By Melissa Harris
A key House committee reversed President Bush's fifth attempt to give unequal raises to military and civilian employees in a voice vote this week - a decision that the rest of Congress and the president likely will uphold.
Final passage would give civilian federal workers and military personnel a 3.1 percent raise.
The issue is a perennial one for advocates of lean government, who see the across-the-board raises as bloating the federal budget during a time of growing deficits and war. Congress, however, hasn't agreed since 1986, the last year civilians earned smaller raises than the military, according to the 2005 Federal Employees Almanac.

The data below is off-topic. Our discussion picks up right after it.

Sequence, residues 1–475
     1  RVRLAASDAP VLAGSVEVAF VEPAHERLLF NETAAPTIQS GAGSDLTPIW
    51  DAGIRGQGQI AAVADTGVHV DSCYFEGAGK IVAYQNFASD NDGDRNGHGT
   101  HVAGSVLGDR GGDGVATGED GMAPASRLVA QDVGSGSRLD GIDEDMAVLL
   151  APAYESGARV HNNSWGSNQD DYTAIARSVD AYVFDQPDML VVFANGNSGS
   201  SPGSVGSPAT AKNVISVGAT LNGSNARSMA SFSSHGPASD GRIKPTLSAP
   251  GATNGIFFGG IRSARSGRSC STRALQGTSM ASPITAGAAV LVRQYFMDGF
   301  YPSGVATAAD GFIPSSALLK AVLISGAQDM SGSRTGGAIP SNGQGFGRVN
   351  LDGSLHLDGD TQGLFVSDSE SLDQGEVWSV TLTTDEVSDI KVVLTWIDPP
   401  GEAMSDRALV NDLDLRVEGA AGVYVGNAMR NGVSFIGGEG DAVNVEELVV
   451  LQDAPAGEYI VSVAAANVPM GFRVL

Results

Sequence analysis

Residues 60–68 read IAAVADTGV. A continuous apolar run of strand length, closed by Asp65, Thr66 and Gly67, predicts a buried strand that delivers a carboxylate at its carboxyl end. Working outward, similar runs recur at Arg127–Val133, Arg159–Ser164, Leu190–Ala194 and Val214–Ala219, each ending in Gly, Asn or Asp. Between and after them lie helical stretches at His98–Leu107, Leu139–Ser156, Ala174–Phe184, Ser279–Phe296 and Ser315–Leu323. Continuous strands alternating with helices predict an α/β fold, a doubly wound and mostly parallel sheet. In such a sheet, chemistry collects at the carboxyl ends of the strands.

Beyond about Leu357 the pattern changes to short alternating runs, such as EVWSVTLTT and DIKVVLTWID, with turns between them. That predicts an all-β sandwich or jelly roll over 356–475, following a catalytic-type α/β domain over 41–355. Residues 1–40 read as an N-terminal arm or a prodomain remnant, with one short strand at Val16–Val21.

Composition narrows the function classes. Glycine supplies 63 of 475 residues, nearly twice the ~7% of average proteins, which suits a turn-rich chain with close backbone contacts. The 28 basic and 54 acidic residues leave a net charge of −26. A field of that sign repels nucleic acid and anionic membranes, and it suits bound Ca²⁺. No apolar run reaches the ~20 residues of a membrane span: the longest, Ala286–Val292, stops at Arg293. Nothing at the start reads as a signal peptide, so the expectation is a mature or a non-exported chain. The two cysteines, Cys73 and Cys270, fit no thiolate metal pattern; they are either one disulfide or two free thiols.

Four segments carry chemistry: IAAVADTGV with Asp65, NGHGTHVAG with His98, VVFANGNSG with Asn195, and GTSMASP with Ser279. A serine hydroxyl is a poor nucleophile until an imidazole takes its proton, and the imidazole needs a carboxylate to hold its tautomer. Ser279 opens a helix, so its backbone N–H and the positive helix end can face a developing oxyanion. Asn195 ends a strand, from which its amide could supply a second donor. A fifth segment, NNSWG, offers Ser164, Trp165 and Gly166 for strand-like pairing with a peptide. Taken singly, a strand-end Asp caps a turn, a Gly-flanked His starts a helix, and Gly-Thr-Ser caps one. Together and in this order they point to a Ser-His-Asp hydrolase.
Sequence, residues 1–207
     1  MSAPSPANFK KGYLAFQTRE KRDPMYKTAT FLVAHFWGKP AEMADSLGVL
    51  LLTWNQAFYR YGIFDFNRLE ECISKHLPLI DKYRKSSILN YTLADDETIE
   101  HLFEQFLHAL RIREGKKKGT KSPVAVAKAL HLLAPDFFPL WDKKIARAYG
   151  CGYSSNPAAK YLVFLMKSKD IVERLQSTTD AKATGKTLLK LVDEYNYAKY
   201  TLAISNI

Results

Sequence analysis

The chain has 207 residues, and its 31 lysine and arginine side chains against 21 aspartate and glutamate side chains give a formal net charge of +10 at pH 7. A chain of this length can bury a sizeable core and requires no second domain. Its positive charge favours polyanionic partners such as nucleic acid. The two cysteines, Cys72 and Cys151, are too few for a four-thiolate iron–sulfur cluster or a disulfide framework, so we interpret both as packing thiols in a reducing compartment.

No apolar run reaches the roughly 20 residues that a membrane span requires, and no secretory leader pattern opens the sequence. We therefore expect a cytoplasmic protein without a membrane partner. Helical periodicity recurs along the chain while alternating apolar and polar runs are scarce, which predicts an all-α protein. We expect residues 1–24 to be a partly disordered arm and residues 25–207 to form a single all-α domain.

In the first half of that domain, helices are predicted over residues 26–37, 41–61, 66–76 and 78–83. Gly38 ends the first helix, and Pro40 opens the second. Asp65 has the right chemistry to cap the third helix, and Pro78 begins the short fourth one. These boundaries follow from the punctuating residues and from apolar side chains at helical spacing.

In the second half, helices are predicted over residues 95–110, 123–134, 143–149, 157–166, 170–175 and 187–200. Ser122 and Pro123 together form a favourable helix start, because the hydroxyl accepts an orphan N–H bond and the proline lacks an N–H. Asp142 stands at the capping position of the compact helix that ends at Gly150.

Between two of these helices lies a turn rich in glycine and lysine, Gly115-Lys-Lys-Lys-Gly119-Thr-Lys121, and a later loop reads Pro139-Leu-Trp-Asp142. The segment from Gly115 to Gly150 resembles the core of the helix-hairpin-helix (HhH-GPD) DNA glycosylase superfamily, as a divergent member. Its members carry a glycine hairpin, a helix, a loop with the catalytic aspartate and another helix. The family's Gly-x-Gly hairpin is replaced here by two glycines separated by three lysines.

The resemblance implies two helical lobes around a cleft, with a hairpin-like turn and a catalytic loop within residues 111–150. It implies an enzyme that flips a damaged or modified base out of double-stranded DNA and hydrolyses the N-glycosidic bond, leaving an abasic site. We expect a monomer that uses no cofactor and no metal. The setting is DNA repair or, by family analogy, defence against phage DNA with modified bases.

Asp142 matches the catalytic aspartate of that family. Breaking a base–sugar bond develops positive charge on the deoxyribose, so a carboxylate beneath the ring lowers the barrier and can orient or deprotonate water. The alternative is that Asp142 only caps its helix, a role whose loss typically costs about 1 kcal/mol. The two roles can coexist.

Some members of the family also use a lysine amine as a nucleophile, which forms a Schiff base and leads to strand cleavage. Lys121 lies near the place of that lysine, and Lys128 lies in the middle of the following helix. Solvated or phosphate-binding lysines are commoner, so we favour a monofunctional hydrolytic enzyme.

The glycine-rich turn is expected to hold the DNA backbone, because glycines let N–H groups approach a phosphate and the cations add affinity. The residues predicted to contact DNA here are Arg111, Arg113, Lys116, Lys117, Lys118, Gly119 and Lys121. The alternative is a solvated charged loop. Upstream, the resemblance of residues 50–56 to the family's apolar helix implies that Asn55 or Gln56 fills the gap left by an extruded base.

"Military personnel and federal civilian employees work side by side and for the same employer," said Maryland Democrat Rep. Steny H. Hoyer, who introduced the pay parity amendment, in a statement.
This could, however, be the last year for an across-the-board anything. The Department of Homeland Security is scheduled to begin its new pay-for-performance wage system Aug. 1, if the courts allow it.